It is true that there has been an explosion in the generation of MSW in Indian cities due to a burgeoning population and even faster urbanisation. This has severely damaged the environment and public health and strained the capacity of ULBs to collect, transport, treat and scientifically dispose of solid wastes.
Madhu Rathi, CEO and Co-founder at Recycle Bell Private limited (Econiture), says, "The definition of waste has changed over time. Waste is no longer considered as trash or abandoned material, but as an asset or resource that can generate revenues in crores. It is not only related to reducing landfill volumes but also reliance on fossil fuels. Globally, many countries have been actively working towards finding the best technologies to utilise waste. The adequate treatment of waste, or sustainable waste management, is essential not only from a sanitation point of view but also due to its economic and environmental values. This includes its potential contribution to energy generation in developing countries such as India. Many developed nations have adopted the strategies of the integrated waste management system to maximise waste-based revenues in the form of energy, fuels, heat, recyclables, value-added products, and chemicals, alongside more jobs and business opportunities."
It is estimated that waste management in India is potentially a $15 billion industry. Out of the entire waste produced in India, 25 per cent are dry waste components that can be recycled. This recyclable waste, dumped into landfills due to a lack of proper collection and infrastructure, can be reused as raw material. If it is properly segregated and processed further, it can be a highly lucrative source of revenue generating.
While talking about Swachh Bharat Mission-Urban 2.0, the Prime Minister, Narendra Modi has rightly said that 'Mountains of garbage' in Indian cities will be completely wiped out and not a drop of untreated sewage should go to the rivers. Referring to landfills as 'big mountains of garbage' in cities, Modi spoke about the Ghazipur landfill in Delhi. "There is one such mountain of garbage in Delhi which has been sitting here for years and waiting to be removed," he told Urban Affairs Minister Hardeep Singh Puri, who nodded in agreement. Surely, this movement in India will create numerous 'green jobs' as well. Meanwhile, the first and foremost step to ensuring waste management is an effective collection of waste and for that, Municipal Corporations must have enough vehicles. Each vehicle should have a driver and two Safai Mitras who ensure people give only segregated waste. The waste is collected in three bins - biodegradable, non-biodegradable and sanitary waste. Special Vehicles are deployed to collect e-waste and valuable plastic waste separately. One has to keep in mind the fact that the more the waste, the more you have to manage the waste. Do we want our cities to look pretty and clean or are we thinking about how efficiently we manage our waste? Zero-waste communities will mean communities taking care of their waste – whether it's through composting locally or selling the recyclables to scrap dealers. It goes without saying that thanks to the Swachh Bharat Mission, there is a greater degree of cleanliness in the country.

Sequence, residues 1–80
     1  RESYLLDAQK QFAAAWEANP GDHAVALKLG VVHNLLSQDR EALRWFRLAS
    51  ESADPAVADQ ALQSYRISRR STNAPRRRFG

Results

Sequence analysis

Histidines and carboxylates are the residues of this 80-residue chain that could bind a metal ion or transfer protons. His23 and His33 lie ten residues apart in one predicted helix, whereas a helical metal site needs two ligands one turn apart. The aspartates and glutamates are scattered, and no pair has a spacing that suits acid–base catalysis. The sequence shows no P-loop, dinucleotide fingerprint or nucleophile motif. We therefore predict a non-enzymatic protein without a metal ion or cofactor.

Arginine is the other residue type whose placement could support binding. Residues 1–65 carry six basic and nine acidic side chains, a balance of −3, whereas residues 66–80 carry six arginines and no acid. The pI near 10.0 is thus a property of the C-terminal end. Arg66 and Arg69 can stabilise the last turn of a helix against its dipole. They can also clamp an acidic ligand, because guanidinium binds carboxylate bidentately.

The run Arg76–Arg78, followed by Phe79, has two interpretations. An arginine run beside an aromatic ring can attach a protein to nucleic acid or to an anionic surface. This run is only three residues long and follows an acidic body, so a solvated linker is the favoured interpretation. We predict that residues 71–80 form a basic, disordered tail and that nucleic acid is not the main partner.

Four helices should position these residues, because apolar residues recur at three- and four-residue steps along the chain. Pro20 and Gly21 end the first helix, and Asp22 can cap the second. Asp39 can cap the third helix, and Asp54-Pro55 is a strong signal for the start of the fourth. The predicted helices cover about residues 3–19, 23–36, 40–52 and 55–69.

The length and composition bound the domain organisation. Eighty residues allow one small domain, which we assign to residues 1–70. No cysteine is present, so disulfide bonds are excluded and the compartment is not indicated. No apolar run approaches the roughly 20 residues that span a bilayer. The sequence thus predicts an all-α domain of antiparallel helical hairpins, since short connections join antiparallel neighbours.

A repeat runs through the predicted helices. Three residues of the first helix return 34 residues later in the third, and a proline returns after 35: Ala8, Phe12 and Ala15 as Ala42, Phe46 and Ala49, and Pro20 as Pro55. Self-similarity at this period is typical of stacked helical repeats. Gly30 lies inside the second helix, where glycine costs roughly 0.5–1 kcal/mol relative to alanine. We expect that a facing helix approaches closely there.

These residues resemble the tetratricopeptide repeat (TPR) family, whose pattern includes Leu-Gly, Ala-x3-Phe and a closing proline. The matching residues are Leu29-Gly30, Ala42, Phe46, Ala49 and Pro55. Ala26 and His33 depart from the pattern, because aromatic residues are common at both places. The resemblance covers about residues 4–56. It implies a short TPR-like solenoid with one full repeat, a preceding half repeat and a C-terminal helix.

(The author is Delhi-based senior journalist and writer. He is author of Gandhi's Delhi which has brought to the forth many hidden facts about Mahatma Gandhi)